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Running on Empty

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When you are building up an asset, you’re either spending time or cash.

Renovating a house requires either your handiwork or someone else’s. Getting a charity off the ground requires legwork or funding. Often a combination of both is required. Sometimes you have more of one than the other, or you have no choice which to use.

But somewhere along the lines of industry, digital, and social, things broke down.

You can pay someone to tweet for you, but consistent participation is expensive and doesn’t work very well if it’s outsourced. Being clever is hard (impossible?) to pay for, but personality plays such an important role that often, it’s best just to do it yourself. You can’t pay to keep passion going, either; instead, it often gets snuffed out just as you’re trying to encourage it by paying for it.

Now, the web might be one of the only places where spending time trumps money. If you don’t care, you’ll drop out. If you get paid, you’ll phone it in. The only thing that will make the grade is to really care about it– only if it’s your ass on the line will you really be able to put in the time. It’s the only reason you’ll care enough to compete.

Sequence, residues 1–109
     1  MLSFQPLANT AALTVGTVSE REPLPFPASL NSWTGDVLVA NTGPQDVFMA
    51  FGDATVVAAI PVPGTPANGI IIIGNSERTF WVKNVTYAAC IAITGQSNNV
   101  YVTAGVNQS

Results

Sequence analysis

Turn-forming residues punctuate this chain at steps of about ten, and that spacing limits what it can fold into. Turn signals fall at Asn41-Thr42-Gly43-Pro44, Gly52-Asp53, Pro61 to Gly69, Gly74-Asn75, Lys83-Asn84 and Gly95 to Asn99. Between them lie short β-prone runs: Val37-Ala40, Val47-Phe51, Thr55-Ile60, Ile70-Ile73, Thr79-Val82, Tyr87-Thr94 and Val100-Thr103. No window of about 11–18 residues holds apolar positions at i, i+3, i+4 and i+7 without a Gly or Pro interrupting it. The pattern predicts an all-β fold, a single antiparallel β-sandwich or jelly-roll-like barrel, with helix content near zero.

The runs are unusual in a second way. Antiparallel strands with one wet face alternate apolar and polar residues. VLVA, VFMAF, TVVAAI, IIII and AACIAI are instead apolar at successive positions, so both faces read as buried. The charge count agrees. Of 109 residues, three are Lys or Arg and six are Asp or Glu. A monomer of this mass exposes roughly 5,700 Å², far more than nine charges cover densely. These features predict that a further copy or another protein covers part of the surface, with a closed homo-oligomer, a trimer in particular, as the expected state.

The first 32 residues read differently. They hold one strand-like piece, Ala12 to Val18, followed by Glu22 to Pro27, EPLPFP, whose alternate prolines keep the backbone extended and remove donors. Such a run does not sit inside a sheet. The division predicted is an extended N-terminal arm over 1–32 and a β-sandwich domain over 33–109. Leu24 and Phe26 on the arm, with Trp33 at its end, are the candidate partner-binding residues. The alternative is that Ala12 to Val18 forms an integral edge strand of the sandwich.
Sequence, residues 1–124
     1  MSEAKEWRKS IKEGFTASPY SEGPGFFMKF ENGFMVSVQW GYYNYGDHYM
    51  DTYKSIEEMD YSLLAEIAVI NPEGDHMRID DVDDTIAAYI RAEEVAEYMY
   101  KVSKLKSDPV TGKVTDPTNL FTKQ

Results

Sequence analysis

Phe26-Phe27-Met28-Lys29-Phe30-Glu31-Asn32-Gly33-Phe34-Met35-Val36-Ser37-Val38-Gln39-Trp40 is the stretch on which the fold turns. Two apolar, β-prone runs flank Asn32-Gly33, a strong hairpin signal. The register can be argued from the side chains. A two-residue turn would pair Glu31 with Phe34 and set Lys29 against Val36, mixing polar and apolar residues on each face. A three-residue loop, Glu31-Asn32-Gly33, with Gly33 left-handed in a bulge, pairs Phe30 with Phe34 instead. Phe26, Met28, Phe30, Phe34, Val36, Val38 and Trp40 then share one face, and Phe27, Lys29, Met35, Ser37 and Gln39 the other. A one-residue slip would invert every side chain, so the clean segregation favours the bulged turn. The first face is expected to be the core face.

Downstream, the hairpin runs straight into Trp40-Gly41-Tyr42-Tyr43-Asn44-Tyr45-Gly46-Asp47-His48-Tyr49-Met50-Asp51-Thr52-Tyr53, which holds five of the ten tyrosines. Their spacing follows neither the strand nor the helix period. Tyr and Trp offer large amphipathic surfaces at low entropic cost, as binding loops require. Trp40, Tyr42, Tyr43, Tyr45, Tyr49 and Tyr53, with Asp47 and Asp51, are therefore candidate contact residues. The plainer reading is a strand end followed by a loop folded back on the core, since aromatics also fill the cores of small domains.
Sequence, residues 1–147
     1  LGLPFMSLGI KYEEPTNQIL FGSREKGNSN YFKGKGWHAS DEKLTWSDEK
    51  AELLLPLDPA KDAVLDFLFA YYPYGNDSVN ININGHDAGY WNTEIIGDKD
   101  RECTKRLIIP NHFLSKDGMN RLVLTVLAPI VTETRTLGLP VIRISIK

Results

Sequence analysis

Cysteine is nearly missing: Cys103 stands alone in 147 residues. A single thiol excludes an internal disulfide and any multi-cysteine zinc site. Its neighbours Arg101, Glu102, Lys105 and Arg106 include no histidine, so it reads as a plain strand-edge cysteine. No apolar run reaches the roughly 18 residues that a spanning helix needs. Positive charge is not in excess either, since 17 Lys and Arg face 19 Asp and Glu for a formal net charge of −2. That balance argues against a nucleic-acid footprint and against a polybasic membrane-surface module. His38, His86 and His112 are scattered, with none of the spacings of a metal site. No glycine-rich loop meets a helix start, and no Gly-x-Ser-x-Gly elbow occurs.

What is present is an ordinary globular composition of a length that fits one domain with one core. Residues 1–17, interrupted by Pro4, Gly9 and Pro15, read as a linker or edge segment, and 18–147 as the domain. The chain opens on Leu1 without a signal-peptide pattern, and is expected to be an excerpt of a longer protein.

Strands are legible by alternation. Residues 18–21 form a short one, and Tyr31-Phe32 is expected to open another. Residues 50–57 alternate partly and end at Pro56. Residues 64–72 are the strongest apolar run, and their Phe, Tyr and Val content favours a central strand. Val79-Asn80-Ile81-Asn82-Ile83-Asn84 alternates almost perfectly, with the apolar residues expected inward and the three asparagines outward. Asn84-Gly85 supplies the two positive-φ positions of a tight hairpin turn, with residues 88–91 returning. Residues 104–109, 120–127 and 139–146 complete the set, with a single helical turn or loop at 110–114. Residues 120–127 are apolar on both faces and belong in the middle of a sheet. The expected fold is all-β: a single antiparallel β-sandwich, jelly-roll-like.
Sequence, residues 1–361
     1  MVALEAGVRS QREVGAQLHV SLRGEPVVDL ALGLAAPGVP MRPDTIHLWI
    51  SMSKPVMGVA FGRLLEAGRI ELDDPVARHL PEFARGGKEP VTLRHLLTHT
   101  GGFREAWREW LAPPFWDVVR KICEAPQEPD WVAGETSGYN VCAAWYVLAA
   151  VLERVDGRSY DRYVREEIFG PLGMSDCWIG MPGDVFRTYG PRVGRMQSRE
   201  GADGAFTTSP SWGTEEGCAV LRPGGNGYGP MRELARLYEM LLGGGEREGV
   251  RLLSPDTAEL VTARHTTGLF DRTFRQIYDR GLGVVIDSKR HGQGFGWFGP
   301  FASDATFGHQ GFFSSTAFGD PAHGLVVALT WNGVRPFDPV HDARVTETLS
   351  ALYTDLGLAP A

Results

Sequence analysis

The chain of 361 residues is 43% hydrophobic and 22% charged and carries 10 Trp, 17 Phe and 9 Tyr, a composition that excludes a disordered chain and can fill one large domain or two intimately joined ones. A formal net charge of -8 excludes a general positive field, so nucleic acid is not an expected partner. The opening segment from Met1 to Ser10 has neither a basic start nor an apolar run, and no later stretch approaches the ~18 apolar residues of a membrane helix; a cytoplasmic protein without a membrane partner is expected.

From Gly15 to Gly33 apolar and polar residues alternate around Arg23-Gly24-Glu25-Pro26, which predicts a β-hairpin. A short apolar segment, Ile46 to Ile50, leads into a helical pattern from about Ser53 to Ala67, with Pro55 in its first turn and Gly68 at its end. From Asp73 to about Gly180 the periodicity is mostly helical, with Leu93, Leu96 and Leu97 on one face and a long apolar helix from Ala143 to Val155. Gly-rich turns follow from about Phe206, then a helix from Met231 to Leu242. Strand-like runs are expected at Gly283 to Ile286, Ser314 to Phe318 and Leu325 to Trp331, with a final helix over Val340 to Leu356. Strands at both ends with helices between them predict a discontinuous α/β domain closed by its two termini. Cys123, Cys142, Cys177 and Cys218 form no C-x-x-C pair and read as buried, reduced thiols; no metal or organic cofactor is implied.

If it’s just a job, others will out-sweat you. And sweat is what built the web.

10 years ago, the web was expensive, or complex, to work on. Now, infrastructure is in place, so it’s easy. The only remaining factor, the one that can’t be bought or commoditized, is the human one.

Robots will get faster. Information will get faster. But human will stay human. That is why you must put your effort there.

I could be wrong, but don’t bet on it.

* Filed by at 8:53 am under challenge, random, social media


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4 Responses to “Running on Empty”

  1. Amber Whitener Says:

    You’re right about using a combination of both. The real trick is finding the right one. 😉

  2. Ryan G Says:

    People and robots man. That’s what I always tell people. Prior to the web, you produced content for people. Today you produce it for people and for robots. That’s the key difference now.

  3. Marcella Chamorro Says:

    You’re definitely right. Automation doesn’t work for positions of “talent”, where the personality in question is the value. The question becomes how much time spent on the web generates X amount of Y, which totally depends on the objectives of the person in question. How and when to use that time (and human-ness) on the web is a tricky — and sometimes distracting — issue…

  4. Jay Says:

    Very encouraging post! It is amazing how the internet has leveled the playing field so that anyone with enough persistence can build up an online following and/or change the world.

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